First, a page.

For U.S. Army veteran Sam Lea, each November brings an opportunity to honor former comrades and give thanks for his own military service.
“Not only is Veterans Day a time to recognize and pay tribute to all veterans who have served their country, but it’s always a time of reflection for me,” said Lea, of Reidsville, North Carolina, who served from 1985 to 1989, specializing in road and bridge construction projects.
A production planner with a chemical company, Lea will graduate from Florida Institute of Technology in December 2014 with his Master of Business Administration in Management, which he completed 100% online.
“I think back to my military experience and how it was a real eye-opener,” he said. “I was fortunate enough to experience first-hand the cultural differences that exist in foreign countries like Panama and Germany, and witness in real life how Americans are perceived by foreigners.”
“So, when Veterans Day rolls around every year, I think back to those experiences and the enriching effect they had on my life during that time period and even today,” Lea said.
Brett Knaub’s 25-year career in the U.S. Air Force took him to postings around the nation. Today, the decorated veteran works at U.S. Strategic Command (STRATCOM) headquarters in Nebraska, where he is Chief of the Transition Division for the Project Global Shield Project Management Office.
“On Veterans Day, we honor the tens of millions of our citizens who risk, or have risked, everything to defend our great nation every day for nearly 2 ½ centuries,” said Knaub, who graduated in June from Florida Tech’s 100% online MBA in Project Management program. “I’m extremely proud of our veterans, and I’m forever grateful for their sacrifice during peacetime and war.”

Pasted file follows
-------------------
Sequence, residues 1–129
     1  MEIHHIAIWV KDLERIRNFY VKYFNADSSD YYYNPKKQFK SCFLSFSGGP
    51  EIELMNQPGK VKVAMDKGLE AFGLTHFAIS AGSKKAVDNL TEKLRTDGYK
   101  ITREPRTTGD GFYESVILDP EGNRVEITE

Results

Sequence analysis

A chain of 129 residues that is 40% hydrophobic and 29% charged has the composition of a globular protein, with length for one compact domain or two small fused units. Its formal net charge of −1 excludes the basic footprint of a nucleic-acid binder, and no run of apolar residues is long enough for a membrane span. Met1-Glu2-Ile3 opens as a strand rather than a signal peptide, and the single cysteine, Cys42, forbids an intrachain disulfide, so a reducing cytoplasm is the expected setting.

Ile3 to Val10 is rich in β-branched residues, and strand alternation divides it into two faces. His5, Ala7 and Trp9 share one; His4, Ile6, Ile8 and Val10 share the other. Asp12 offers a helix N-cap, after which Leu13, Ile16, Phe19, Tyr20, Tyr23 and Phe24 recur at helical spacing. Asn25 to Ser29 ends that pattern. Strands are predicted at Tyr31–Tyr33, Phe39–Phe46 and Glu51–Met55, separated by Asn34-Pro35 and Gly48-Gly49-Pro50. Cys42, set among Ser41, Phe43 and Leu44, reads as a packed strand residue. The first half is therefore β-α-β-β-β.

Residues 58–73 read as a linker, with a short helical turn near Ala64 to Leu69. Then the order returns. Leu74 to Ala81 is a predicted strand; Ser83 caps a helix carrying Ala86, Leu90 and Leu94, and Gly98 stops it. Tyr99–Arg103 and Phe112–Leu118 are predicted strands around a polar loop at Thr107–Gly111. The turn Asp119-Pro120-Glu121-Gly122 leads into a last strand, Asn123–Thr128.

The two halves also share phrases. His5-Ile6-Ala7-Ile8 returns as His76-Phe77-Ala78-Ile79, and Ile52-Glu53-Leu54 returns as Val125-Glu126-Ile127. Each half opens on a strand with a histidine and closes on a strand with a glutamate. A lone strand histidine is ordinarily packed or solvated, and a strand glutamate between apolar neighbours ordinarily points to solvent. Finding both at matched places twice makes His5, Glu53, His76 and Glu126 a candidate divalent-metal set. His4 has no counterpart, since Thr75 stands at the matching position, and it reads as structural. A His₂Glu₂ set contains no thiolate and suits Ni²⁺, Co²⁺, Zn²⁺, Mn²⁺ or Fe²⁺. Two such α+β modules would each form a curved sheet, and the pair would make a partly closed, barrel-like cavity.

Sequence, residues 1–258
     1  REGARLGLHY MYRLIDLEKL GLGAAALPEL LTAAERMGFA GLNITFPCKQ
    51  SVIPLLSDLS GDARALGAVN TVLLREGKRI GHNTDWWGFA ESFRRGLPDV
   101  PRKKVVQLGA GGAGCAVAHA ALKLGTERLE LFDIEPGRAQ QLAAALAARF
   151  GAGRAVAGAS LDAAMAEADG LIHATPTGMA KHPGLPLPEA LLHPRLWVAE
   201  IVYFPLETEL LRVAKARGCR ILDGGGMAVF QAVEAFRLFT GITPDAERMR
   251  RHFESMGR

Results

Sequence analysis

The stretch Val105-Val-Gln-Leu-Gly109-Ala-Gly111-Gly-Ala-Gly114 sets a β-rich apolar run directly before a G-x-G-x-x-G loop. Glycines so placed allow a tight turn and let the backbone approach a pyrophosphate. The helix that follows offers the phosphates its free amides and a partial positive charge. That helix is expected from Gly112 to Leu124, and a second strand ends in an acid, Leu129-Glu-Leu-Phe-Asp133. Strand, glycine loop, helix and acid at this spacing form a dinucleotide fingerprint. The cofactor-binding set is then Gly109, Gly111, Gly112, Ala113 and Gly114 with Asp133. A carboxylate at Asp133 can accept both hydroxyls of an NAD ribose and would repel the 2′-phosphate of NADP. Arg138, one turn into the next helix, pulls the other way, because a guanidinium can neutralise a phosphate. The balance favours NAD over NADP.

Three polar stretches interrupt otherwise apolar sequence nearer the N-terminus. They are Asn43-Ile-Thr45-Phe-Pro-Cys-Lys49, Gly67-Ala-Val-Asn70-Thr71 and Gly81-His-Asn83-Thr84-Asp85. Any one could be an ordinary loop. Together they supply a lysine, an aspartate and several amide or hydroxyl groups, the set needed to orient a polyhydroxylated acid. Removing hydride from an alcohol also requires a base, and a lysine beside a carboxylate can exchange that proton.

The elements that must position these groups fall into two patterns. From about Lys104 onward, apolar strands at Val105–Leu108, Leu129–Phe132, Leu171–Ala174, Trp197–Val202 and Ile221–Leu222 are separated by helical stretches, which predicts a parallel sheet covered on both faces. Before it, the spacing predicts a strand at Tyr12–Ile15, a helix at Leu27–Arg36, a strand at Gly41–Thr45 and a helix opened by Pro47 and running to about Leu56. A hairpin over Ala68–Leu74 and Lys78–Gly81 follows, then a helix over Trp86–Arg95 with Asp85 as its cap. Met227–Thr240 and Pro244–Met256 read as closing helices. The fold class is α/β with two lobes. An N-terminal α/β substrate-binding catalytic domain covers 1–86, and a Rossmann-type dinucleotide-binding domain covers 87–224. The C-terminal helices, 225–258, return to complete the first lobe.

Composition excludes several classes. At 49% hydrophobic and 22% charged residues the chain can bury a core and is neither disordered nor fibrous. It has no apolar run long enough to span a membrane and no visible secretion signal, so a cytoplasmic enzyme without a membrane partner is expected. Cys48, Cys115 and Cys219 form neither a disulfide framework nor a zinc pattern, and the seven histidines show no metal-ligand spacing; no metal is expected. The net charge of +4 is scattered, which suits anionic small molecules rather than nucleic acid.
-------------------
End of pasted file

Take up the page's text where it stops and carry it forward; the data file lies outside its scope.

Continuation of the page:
“I’m humbled beyond words to be included in their ranks,” he said.
Knaub and Lea are among the approximately 22 million veterans nationwide, a number that is expected to fall below 15 million within 30 years, according to U.S. Department of Veterans Affairs statistics. Among current veterans, about 16.5 million served during wartime, including roughly 1 million survivors of World War II.
The nation’s annual tribute to its veterans dates to 1919, when President Woodrow Wilson proclaimed Nov. 11 as Armistice Day. The date marked the first anniversary of the signing of the armistice that ended hostilities during World War I.
In 1938, Armistice Day was declared a legal holiday in the United States. Within a few years, however, the nation once again was embroiled in a global conflict.
Following World War II and the Korean War, an Act of Congress in 1954 renamed the holiday Veterans Day in order to include veterans who served in conflicts other than The Great War.
“On that day let us solemnly remember the sacrifices of all those who fought so valiantly, on the seas, in the air, and on foreign shores, to preserve our heritage of freedom,” declared the proclamation of President Dwight D. Eisenhower, who had served as commanding general of the Army in Europe during World War II.
Sixty years on, federal officials and representatives of veterans groups will gather at Arlington National Cemetery, across the Potomac River from the nation’s capital, for a public observance of Veterans Day, including the traditional wreath-laying ceremony at the Tomb of the Unknown Soldier.
“Ever since our nation’s birth, men and women willingly left their homes, families and livelihoods to defend America, American ideals, values and vital interests around the world,” Knaub said. “When America called, her vets answered.”
“To this very day, all veterans swear to defend our nation against all enemies, foreign and domestic, so that our children and grandchildren can grow up in a world where individual liberty and other God-given rights are protected from evil,” he said. “There is a saying I like that best describes the sacrifices of our nation’s veterans, ‘All gave some, but some gave all.’”